Political Notes: The Ups, Downs and In-betweens
New Quick Start head, WIN List endorsements, redistricted candidate swaps and remembering Johnny Isakson.
In Memoriam: Georgia’s former U.S. Sen. Johnny Isakson, a lifelong Republican who died in December at the age of 76, is remembered by friends and colleagues from both parties as a man of integrity and accomplishment.
Georgia Gov. Brian Kemp said in a statement, “As a businessman and gifted retail politician, Johnny paved the way for the modern Republican Party in Georgia, but he never let partisan politics get in the way of doing what was right. His work to champion our veterans, deliver disaster relief for Georgia farmers after Hurricane Michael, and always stand up for Georgia’s best interest in the U.S. Senate will live on for generations.”
Democratic Sen. Raphael Warnock recalled Isakson’s presence at Ebenezer Baptist Church’s celebrations of Martin Luther King Jr. and said, “We’re all better for Senator Isakson’s many decades of service, and it is an honor to serve in the seat he once held. He was an upstanding elected official, and an even better man.”
Isakson served in both the Georgia State Senate and House of Representatives and in the U.S. Senate and House, the only Georgian to be elected to all four. He resigned in 2019 due to ill health, some years after he was diagnosed with Parkinson’s disease.
Throughout his public service, he was both a pragmatist and an optimist. In a 2017 Georgia Trend interview, he said, “I’m always optimistic, and the older I get the more optimistic I get.” This combination allowed him to get things done – notably, legislation he brokered early in his Senate career that allowed Delta Air Lines, which had filed for bankruptcy, to stretch out payments on its pension plans and protect employee pensions.
Isakson was Georgia Trend’s 2005 Georgian of the Year and was inducted into the magazine’s Most Influential Georgians Hall of Fame in 2020.
New Quick Start Head: Scott McMurray is the new assistant commissioner/COO for Georgia Quick Start. The announcement was made by Greg Dozier, commissioner of the Technical College System of Georgia that administers the Quick Start program to provide workforce training for new and expanding businesses in the state.
McMurray was previously deputy director of global commerce at the Department of Economic Development.
WIN List Endorsements: Georgia WIN List has announced endorsements for four Democratic women who are candidates for statewide office this year: voting rights activist Stacey Abrams for governor; State Sen. Jen Jordan for attorney general; State Rep. Bee Nguyen for secretary of state; and businesswoman Nicole Horn for labor commissioner.
Georgia WIN List is a political action committee dedicated to electing pro-choice Democratic women to state and legislative offices. Since beginning its work in 2000, it has helped elect some 75 women. Melita Easters is executive director and founding chair of the group.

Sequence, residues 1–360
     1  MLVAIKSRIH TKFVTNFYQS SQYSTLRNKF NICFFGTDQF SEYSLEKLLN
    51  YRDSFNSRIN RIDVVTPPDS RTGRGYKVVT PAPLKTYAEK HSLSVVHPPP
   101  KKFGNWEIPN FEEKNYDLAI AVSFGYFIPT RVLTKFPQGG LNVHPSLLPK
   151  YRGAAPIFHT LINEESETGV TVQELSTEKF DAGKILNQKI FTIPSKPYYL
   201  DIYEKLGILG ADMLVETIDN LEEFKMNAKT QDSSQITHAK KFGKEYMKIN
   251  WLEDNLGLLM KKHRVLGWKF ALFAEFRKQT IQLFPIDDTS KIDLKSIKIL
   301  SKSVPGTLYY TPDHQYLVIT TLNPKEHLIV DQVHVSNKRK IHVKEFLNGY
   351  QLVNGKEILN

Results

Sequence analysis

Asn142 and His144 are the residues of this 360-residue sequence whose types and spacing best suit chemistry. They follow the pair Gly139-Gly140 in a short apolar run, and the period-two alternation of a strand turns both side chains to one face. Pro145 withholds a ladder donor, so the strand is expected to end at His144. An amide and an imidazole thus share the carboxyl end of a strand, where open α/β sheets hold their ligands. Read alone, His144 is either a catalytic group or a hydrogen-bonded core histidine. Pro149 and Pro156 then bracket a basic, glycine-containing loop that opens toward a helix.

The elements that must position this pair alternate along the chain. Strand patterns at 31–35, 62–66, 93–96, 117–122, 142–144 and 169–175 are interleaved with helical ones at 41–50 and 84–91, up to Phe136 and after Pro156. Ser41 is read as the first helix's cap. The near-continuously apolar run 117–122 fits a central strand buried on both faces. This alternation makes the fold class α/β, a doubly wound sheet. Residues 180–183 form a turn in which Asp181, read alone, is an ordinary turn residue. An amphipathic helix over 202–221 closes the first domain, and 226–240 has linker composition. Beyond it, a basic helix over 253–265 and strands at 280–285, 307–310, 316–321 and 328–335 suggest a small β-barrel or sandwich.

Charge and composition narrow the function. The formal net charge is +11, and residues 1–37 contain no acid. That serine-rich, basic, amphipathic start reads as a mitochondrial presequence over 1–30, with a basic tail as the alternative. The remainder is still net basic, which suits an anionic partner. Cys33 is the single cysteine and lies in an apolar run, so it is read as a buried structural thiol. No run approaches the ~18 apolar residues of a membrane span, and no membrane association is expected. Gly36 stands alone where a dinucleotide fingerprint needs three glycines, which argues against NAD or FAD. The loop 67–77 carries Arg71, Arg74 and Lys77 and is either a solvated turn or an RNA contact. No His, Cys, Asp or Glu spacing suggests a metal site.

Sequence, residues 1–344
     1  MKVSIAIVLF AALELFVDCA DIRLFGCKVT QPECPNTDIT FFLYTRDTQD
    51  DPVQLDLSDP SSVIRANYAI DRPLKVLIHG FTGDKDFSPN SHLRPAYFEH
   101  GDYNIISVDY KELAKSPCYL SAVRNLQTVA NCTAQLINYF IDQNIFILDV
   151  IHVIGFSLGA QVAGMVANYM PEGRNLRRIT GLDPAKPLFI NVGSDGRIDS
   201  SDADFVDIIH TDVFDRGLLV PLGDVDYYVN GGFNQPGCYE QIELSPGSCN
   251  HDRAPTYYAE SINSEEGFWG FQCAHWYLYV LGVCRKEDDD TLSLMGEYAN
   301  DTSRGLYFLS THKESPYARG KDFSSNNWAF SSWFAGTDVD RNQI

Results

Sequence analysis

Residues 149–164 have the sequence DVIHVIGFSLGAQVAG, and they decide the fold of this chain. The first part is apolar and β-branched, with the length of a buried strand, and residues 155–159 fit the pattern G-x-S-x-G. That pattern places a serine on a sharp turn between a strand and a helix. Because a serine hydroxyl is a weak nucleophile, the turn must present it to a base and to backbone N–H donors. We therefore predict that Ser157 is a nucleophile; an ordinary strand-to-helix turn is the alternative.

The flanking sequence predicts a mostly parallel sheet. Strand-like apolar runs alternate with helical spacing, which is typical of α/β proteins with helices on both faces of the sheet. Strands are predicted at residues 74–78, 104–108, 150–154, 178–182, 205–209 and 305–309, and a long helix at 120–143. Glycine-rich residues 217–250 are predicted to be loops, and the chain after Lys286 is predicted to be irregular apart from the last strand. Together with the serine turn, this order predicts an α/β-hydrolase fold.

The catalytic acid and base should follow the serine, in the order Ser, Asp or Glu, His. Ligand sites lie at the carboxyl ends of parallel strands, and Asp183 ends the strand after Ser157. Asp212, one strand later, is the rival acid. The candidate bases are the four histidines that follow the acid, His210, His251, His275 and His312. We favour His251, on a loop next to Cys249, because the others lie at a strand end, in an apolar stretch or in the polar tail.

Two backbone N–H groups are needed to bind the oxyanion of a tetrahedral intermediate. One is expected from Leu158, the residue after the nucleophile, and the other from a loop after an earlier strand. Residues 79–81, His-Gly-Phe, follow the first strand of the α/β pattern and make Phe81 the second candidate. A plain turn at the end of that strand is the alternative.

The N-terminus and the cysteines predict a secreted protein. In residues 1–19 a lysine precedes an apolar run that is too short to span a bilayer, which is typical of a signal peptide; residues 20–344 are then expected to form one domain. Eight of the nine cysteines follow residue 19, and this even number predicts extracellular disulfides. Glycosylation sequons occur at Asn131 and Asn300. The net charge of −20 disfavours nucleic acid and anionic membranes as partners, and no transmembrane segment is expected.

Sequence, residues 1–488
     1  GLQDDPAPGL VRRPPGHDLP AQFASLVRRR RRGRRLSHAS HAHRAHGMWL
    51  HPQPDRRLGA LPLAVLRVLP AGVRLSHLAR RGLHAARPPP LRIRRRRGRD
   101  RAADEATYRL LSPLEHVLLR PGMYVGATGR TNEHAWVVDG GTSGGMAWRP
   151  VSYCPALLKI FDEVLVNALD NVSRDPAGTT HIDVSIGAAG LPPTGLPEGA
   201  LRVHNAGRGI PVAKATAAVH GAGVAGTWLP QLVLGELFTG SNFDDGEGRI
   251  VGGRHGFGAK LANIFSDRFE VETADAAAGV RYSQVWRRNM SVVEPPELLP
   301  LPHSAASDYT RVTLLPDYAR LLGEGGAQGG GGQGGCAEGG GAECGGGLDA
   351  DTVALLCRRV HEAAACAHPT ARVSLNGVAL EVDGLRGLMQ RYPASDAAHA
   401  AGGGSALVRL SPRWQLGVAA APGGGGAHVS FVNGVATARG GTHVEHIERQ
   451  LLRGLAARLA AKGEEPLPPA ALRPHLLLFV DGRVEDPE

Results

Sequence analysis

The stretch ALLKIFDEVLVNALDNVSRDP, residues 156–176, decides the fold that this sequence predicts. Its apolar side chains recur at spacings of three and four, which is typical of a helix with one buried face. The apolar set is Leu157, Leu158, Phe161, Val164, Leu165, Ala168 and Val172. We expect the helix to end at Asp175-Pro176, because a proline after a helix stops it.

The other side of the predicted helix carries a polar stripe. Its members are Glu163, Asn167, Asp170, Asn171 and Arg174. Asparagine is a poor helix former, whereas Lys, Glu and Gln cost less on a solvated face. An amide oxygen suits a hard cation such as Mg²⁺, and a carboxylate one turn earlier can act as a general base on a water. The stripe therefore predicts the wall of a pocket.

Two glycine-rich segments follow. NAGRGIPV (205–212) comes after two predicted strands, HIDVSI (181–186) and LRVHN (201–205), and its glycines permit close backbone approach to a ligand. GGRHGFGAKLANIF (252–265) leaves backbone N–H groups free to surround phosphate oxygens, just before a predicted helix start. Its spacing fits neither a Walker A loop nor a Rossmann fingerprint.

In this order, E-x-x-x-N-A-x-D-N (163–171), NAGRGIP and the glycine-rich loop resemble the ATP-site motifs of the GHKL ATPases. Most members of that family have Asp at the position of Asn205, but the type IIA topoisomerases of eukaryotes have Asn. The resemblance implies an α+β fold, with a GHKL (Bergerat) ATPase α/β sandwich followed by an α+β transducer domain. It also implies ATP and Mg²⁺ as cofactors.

GOP Challenge to Bishop: Georgia’s Democratic 2nd District Congressional Representative, Sanford Bishop, the longest-serving member of the state’s delegation, has a Republican challenger for his seat. He is Chris West, a Thomasville native who is an Air Force officer and general counsel for a real estate development company.
The district, which has changed as a result of last year’s Republican-led redistricting, covers 30 Southwest Georgia counties including Thomas County.
Kemp’s Floor Leaders: Seven key Republican legislators are serving as floor leaders for Gov. Brian Kemp in this year’s General Assembly session. In the House, they are Reps. Josh Bonner, Fayetteville; Jodi Lott, Evans; Lauren W. McDonald III, Cumming; and Steven Meeks, Screven. In the Senate, they are Sens. Clint Dixon, Buford; Russ Goodman, Homerville; and Bo Hatchett, Cornelia.
House Swapping: State Sen. Michelle Au (D-Johns Creek), a physician, has announced she will run for re-election – but as a candidate for House District 50, currently represented by Angelika Kausche, instead of her current Senate District 48. She is the first Asian American woman to serve in the Georgia Senate. She says her Senate district was “the sole Senate district targeted purposefully by the Republican majority party” in its redistricting last year.
The legislative “house-swap” may work in the other direction, too: State Rep. Charlice Byrd (R-Woodstock), elected in 2020 to represent House District 30, will be challenging State Sen. Kay Kirkpatrick (R-Marietta), also a physician, for her newly drawn Senate District 32 seat. Kirkpatrick was elected in 2017.